PMCID: PMC3350730  PMID: 22112654
bifurcation stents; endothelial shear stress; stent sizing; provisional stenting; incomplete apposition
4.  Intramyocardial, Autologous CD34+ Cell Therapy for Refractory Angina 
Circulation research  2011;109(4):428-436.
A growing number of patients with coronary disease have refractory angina. Preclinical and early-phase clinical data suggest that intramyocardial injection of autologous CD34+ cells can improve myocardial perfusion and function.
Evaluate the safety and bioactivity of intramyocardial injections of autologous CD34+ cells in patients with refractory angina who have exhausted all other treatment options.
Methods and Results
In this prospective, double-blind, randomized, phase II study ( identifier: NCT00300053), 167 patients with refractory angina received 1 of 2 doses (1×105 or 5×105 cells/kg) of mobilized autologous CD34+ cells or an equal volume of diluent (placebo). Treatment was distributed into 10 sites of ischemic, viable myocardium with a NOGA mapping injection catheter. The primary outcome measure was weekly angina frequency 6 months after treatment. Weekly angina frequency was significantly lower in the low-dose group than in placebo-treated patients at both 6 months (6.8±1.1 versus 10.9±1.2, P=0.020) and 12 months (6.3±1.2 versus 11.0±1.2, P=0.035); measurements in the high-dose group were also lower, but not significantly. Similarly, improvement in exercise tolerance was significantly greater in low-dose patients than in placebo-treated patients (6 months: 139±151 versus 69±122 seconds, P=0.014; 12 months: 140±171 versus 58±146 seconds, P=0.017) and greater, but not significantly, in the high-dose group. During cell mobilization and collection, 4.6% of patients had cardiac enzyme elevations consistent with non-ST segment elevation myocardial infarction. Mortality at 12 months was 5.4% in the placebo-treatment group with no deaths among cell-treated patients.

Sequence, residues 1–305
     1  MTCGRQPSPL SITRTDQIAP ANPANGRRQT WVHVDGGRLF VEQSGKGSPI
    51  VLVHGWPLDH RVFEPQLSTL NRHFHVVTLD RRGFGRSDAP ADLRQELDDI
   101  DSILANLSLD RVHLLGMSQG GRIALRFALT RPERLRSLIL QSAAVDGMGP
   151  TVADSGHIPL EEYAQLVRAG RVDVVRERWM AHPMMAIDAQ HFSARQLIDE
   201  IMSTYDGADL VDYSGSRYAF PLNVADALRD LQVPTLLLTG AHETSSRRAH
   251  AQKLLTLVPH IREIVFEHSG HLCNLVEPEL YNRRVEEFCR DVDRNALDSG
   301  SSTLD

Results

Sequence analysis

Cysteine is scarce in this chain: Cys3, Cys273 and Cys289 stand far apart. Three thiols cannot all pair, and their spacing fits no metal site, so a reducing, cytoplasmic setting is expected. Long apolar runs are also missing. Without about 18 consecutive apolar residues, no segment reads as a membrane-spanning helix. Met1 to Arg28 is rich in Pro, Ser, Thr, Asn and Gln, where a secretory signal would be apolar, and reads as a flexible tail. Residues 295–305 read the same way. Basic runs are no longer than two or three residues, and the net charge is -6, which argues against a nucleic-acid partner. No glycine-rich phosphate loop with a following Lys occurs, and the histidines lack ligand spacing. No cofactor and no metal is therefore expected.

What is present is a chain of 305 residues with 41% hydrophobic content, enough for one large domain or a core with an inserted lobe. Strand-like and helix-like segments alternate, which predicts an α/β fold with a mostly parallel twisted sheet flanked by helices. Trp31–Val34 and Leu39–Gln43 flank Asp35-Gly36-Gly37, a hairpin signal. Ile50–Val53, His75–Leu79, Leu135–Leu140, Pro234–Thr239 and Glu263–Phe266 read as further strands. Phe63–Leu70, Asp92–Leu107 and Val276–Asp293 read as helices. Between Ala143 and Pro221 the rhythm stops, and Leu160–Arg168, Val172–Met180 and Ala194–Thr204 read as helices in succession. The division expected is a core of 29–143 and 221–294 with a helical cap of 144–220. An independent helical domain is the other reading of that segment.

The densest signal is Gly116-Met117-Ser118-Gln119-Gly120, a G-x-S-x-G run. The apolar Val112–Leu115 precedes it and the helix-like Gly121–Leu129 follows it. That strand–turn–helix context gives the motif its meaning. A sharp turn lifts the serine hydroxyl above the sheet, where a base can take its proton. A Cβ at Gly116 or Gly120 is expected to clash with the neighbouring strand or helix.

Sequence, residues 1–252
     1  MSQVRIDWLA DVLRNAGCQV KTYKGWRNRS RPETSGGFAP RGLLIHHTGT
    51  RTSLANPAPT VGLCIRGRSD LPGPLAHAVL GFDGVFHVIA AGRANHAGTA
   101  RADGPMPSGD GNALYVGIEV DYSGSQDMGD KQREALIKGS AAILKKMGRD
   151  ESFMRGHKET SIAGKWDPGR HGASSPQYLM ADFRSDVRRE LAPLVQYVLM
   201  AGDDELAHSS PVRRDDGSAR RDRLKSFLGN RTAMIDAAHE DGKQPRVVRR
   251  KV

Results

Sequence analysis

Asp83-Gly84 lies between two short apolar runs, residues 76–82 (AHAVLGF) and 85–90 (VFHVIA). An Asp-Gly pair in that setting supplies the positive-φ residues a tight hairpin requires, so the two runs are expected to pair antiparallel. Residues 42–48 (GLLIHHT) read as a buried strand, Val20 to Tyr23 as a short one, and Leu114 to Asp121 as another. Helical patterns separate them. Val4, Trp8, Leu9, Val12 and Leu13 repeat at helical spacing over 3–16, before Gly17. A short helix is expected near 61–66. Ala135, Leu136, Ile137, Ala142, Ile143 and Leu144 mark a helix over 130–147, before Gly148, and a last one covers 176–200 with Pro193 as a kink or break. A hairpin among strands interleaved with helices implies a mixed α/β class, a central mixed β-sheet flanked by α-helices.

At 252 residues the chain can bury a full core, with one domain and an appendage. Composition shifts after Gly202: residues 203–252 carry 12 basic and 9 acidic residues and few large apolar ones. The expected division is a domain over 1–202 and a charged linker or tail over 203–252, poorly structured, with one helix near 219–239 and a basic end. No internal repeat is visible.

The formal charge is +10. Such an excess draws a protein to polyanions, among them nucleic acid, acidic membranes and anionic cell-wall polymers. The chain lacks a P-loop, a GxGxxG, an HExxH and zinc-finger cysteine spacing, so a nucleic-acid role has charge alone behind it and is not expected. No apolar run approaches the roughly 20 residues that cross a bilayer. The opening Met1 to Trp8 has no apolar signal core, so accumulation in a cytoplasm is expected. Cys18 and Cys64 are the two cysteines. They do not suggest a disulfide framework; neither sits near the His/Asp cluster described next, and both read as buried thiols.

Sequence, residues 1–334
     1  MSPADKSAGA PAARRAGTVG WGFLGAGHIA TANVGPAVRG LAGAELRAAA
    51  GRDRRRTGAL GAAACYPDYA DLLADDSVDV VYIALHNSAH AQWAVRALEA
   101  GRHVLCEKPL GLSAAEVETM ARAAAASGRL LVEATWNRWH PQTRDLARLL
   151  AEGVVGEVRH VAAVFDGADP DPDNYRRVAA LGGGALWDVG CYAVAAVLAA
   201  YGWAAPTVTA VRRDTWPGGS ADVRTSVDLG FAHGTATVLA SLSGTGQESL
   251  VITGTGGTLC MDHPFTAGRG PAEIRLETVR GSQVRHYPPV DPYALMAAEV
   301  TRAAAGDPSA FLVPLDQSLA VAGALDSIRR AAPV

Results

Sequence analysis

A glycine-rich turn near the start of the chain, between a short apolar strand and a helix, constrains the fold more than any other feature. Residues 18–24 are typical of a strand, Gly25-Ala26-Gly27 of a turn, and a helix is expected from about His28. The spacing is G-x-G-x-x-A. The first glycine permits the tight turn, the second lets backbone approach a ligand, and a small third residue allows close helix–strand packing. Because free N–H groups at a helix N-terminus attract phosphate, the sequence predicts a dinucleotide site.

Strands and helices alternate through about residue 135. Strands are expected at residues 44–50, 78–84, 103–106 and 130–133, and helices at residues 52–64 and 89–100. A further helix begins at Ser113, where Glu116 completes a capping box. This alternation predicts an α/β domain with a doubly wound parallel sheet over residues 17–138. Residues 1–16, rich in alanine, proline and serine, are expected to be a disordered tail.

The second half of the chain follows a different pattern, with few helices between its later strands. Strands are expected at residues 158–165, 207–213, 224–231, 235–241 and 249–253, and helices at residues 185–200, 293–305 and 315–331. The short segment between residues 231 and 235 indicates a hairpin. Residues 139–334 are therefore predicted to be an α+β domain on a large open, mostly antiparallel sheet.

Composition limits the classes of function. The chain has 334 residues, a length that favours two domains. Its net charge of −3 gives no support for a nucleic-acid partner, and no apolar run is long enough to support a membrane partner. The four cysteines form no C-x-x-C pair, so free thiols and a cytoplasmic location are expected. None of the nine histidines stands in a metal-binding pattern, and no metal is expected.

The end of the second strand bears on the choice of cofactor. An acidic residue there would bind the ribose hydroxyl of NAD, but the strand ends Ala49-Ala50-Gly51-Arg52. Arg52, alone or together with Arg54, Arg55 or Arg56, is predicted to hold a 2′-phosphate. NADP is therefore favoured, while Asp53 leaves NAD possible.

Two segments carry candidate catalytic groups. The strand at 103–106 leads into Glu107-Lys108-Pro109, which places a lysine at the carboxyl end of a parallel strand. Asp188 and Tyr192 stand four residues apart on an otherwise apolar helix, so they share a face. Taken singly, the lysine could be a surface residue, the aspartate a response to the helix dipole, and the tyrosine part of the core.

Patients with refractory angina who received intramyocardial injections of autologous CD34+ cells (105 cells/kg) experienced significant improvements in angina frequency and exercise tolerance. The cell-mobilization and -collection procedures were associated with cardiac enzyme elevations, which will be addressed in future studies.
PMCID: PMC3190575  PMID: 21737787
angiogenesis; endothelial progenitor cells (EPC) myocardial ischemia; myocardial regeneration; stem cells
5.  Two Mechanistic Pathways for Thienopyridine-Associated Thrombotic Thrombocytopenic Purpura